Electric heat pumps will be the most affordable way to heat most single-family homes using clean energy in the U.S. in 2030, according to a study released Wednesday by the American Council for an Energy-Efficient Economy.
In some areas with extreme cold temperatures, the report concludes heat pumps alongside an “alternative fuel backup” for temperatures below 5 degrees Fahrenheit will “generally” minimize costs. However, electric heat pumps minimize costs in all climates for water heating, the analysis found.
The study assumes a next-decade scenario in which the electric grid and heating fuels are largely decarbonized.
Experts say electrifying building heating loads will be essential to meeting state and federal decarbonization goals, but there are concerns about the costs versus gas furnaces or other systems. ACEEE’s research concludes that electric heat pumps “generally minimize average life-cycle equipment and energy costs for heating and cooling in places ... south of Detroit.”
Equipment and installation costs vary widely, however. The study’s medium case assumed electric air-source heat pumps cost around $6,800, though there is also a $5,900 adder for heat pumps in cold climates. A gas furnace was estimated to cost less than $4,000 in the medium case, according to the study.
But across the lifespan, electric heat pumps had lower life-cycle costs than condensing gas furnaces in almost 80% of the homes analyzed in ACEEE’s study. The research focused on approximately 3,000 homes and apartments in the U.S. Energy Information Administration’s 2015 Residential Energy Consumption Survey that used gas, propane, or fuel oil furnaces or boilers and modeled life-cycle costs of decarbonized heating options like gas or electric heat pumps, or gas furnaces, using biogas or synthetic natural gas made from green hydrogen.
According to the EIA, in 2020, about 26% of U.S. households “used electricity as the only source of energy.”
“Electrification will play a crucial role in decarbonizing homes, but the transition will happen slowly as long as inexpensive fossil fuels are widely available,” Lyla Fadali, report coauthor and ACEEE senior researcher, said in a statement.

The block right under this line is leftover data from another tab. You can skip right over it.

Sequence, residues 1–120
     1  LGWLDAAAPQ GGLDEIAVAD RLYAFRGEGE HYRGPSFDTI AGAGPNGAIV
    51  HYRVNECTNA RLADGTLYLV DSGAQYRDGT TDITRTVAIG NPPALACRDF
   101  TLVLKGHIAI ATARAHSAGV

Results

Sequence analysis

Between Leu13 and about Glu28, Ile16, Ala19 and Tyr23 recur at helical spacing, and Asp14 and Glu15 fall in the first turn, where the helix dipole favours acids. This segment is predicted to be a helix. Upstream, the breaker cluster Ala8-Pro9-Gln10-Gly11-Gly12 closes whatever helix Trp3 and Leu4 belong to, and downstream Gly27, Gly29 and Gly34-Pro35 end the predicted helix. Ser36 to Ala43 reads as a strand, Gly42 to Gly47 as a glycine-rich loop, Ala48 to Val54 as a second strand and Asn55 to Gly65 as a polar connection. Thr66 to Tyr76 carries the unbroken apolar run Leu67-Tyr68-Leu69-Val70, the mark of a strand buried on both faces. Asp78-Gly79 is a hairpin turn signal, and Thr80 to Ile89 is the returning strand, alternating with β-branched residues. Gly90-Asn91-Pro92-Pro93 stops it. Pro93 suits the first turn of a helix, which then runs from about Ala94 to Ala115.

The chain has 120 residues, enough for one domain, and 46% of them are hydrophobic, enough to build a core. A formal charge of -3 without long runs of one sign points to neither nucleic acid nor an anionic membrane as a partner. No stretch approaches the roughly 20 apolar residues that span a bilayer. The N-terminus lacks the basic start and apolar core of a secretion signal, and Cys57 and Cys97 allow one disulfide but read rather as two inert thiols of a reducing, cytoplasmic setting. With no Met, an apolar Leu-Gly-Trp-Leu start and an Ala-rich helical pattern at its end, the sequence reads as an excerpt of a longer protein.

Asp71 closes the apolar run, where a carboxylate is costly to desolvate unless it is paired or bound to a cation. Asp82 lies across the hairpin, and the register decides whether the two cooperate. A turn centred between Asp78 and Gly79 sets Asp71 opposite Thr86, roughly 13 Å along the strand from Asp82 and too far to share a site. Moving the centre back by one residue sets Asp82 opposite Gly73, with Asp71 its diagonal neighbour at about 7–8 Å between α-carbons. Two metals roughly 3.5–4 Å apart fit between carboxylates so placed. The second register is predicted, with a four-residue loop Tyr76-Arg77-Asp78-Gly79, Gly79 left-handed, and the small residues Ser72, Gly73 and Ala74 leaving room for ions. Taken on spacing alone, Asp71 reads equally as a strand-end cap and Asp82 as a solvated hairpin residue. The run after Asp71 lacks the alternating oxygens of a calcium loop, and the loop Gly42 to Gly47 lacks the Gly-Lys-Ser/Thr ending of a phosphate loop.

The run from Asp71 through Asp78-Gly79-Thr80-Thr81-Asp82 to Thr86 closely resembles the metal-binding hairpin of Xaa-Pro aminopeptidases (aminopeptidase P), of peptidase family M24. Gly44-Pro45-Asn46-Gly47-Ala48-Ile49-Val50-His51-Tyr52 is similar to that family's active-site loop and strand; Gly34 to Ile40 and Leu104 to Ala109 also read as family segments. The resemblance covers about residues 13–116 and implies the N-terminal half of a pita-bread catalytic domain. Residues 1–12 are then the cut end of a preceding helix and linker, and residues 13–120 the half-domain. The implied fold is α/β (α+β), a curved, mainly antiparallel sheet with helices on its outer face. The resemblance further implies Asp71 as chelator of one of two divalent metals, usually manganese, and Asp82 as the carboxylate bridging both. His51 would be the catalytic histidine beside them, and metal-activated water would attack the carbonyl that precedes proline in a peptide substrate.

The cost of fuel and electricity is a “key variable” in the study, Steven Nadel, report coauthor and ACEEE’s executive director, said Wednesday during a webinar discussing the paper. The study used actual electricity prices for homes in the dataset and adjusted them using national EIA estimates, he said. For gas, the study used EIA projections for fossil gas and “added how much more will it cost for biogas and green hydrogen,” along with higher distribution rates to account for customers switching to electricity, Nadel said.
“In our medium case, the alternative gas, counting both the fuel and the distribution charges, are nearly $40/MMBtu,” Nadel said. “So, more than a factor of three, higher than present prices” for gas.
According to the American Gas Association, which represents gas utilities, the residential price of natural gas is projected to be half to a third the price of propane, oil and electricity on an MMBtu-basis, through 2050.
AGA also published a study in February, “Net-Zero Emissions Opportunities for Gas Utilities,” that it says shows “continued utilization of natural gas and the vast utility delivery infrastructure can increase the likelihood of successfully reaching net-zero targets” while minimizing price impacts.
In order to advance the transition to carbon-free heating, ACEEE’s report calls for additional research and development into heat pumps, incentives and grants to support installation, minimum efficiency standards for heating equipment, restructured electricity rates, and a price on carbon.
According to recent grid operator analyses, the shift to heat pumps is expected to have dramatic effects on the electric grid in many regions that now see peak power demand spike during the summer. New York ISO expects to become a winter-peaking system sometime in the mid-2030s. ISO New England anticipates electricity use on the system to grow about 1.1% annually over the next decade, and last year concluded that “beyond the current 10-year planning horizon, the increased electrification needed will likely cause the region to become a winter-peaking system.”
Josh Quinnell, senior research engineer at the Center for Energy and Environment, also spoke on the ACEEE webinar and said the results of the report seem “reasonable” and point to reasons for optimism.
“It's really a very timely report,” Quinnell said. “Right now, a lot of us researchers and implementers are really grappling with the cost and the performance and the capacity limits of air source heat pumps in cold climates, and what that means for relatively aggressive decarbonization goals.”
ACEEE’s results reflect some “barriers” to using electric heat pumps in cold climates, but he added that it is encouraging to see carbon neutral, synthetic fuels “show something of a cost parity to renewable electricity, for space heating in cold climates.”
"To me, this speaks to what I think will be a crucial flexibility we need to make space heating decarbonization possible, sort of on these timelines,” Quinnell said. “And I'm not really sure that's currently appreciated by everyone ... working in this space.”